Advertisement

Valley Briefing

Remembering Valley Matriarchs

It's Mother's Day--time to thank Mom for all she does and celebrate the unique bond between mother and child. Here is a tribute to some of the pioneer mothers who helped shape the San Fernando Valley.

May 12, 1996

Ann Willden Johnson: Chatsworth homesteader

On April 16, 1873, Ann Willden Johnson gave birth in her Chatsworth ranch house to the first white child born in the San Fernando Valley. Born in Sheffield, England, Johnson grew up in Salt Lake City. At 15, she married Neils Johnson. The couple came to California in 1867. The Johnsons lived in a two-room tent in Soledad Canyon, using one half for the family quarters and the other for a grocery store she helped run. In 1870, she and her husband settled in Chatsworth where they built a home. There, she held Sunday school and tutored her 10 children. She helped start the Chatsworth area's first school in 1880 and was clerk of the school board. She helped found a Christian congregation in the West Valley that met under the oak trees at her house until Pioneer Church was built in 1903. The structure is now located in Oakwood Memorial Church in Chatsworth. She died in 1920 at the age of 74.

Catalina Lopez: Adobe Hostess

As a young girl, Catalina Lopez grew up at the San Fernando Mission. As an adult, she lived at Lopez Station on the old Butterfield Stage line. In 1861, when cattle and wild mustard were familiar sights in the Valley, she and her husband, Geronimo, purchased 40 acres near the mission for $4 an acre and built a large adobe home there that became known as Lopez Station. On the direct route between Los Angeles and San Francisco, the adobe was also the site of the Valley's first English-speaking school, a general store and the Valley's first post office, which was established in 1869. Lopez Station is no more; the historic Lopez home in San Fernando was a later residence of the couple. Lopez was noted as a gracious hostess and her love for gardening was shown in the fresh fruits and flowers that adorned her dining table. She was mother to nine girls and four boys. She died in 1918 at the age of 86.

Mary Logan Orcutt: Civic Leader

Philanthropist Mary Logan Orcutt was active in many nonprofit ventures and organized events that helped generate community spirit and identity. She successfully lobbied President Herbert Hoover to change the name of the Owensmouth post office to Canoga Park in 1931. The Pennsylvania native helped organize the Wild Flower Fiesta in 1932 and the Catalpa Festival and Parade in 1947 in honor of catalpa trees along Topanga Canyon Boulevard that are no longer standing. Perhaps her greatest gift to the community was Our Lady of Guadalupe Center on Hart Street. She and her husband, Union Oil executive William Warren Orcutt, donated the land and raised $10,000 to start construction of the center aimed at providing activities for Spanish-speaking youth. She was mother to a son, John, and a daughter, Gertrude. The Orcutt home, now the site of Orcutt Ranch Park, has been preserved by the city as a historic monument. She died in 1972 at the age of 99.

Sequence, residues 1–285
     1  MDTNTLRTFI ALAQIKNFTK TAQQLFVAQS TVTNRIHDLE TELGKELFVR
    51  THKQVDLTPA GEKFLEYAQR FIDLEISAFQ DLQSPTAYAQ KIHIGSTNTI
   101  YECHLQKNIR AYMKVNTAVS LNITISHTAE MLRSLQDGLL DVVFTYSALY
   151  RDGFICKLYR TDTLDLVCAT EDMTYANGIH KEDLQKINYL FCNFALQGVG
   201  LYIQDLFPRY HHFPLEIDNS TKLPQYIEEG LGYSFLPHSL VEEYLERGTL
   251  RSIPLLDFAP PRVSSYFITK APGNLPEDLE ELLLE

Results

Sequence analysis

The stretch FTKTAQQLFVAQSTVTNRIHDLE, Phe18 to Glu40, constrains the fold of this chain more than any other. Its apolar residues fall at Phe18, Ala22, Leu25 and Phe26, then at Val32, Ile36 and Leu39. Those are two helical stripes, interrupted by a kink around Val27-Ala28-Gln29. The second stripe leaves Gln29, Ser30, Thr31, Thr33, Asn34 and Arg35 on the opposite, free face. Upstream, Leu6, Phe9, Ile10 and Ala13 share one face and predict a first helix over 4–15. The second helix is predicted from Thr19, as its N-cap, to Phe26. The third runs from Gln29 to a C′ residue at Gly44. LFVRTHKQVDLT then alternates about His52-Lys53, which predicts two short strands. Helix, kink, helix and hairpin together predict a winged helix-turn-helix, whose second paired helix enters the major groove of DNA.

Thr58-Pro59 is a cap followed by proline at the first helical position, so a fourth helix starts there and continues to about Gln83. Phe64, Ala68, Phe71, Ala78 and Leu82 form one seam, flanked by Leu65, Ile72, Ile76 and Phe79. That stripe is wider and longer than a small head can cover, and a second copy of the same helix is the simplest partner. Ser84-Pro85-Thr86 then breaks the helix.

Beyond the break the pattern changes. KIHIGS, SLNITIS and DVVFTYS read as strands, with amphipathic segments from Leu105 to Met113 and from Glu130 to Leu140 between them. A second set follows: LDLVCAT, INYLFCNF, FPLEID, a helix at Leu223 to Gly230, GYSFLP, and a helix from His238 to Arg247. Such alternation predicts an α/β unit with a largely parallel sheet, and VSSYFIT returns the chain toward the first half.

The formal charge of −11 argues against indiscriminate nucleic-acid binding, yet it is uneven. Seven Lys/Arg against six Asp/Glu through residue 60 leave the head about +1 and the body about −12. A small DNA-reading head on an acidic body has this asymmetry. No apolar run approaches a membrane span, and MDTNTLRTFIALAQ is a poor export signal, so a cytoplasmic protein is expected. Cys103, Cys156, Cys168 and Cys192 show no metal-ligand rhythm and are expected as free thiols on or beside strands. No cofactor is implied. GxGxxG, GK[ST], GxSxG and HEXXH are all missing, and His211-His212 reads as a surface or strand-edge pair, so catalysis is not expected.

Addie Haas Mulholland: Educator, Volunteer

Raised in the hills of Calabasas, Addie Haas Mulholland began teaching in the fall of 1917 in the one-room, eight-grade schoolhouse she had attended as a child. Mulholland went on to teach at the new Chatsworth Grammar School, becoming principal in 1920. She met her husband--rancher Perry Mulholland, son of famed water engineer William Mulholland--while selling Liberty Bonds during World War I. In 1921, the couple made their home on the Mulholland ranch in Northridge, where they reared three children, Catherine, Richard and Patricia. She served as president of the Valley Council for the Girl Scouts during the 1930s, volunteered as a "Gray Lady" for the Home Service Corps of the American Red Cross during World War II, and served as president of the Canoga Park Women's Club. She died in 1980 at the age of 83.

Mary Rutledge Weddington: Pioneer Mother

A visit to a relative in the Valley was a turning point for Mary Rutledge Weddington. She and her husband, Wilson, decided to buy land in what is now North Hollywood and move from Iowa. Their home became the area's first post office, with her husband serving as postmaster beginning in 1893. The following year, the family purchased a general store and renamed it Weddington Bros. The daughter of a Civil War physician, Weddington helped her two sons, Guy and Fred, run the store that attracted customers from throughout the Valley looking for household goods and hay. She was active in the Lankershim Woman's Club. She died in 1909 at the age of 57.

Sources: "The Valley of San Fernando," by the Daughters of the American Revolution; "San Fernando Valley" by W.W. Robinson; San Fernando Valley Historical Society; Carolyn Riggs, Catherine Mulholland, Guy Weddington McCreary, and staff reports.

Researched by STEPHANIE STASSEL / Los Angeles Times

Advertisement
Los Angeles Times Articles
|
|
|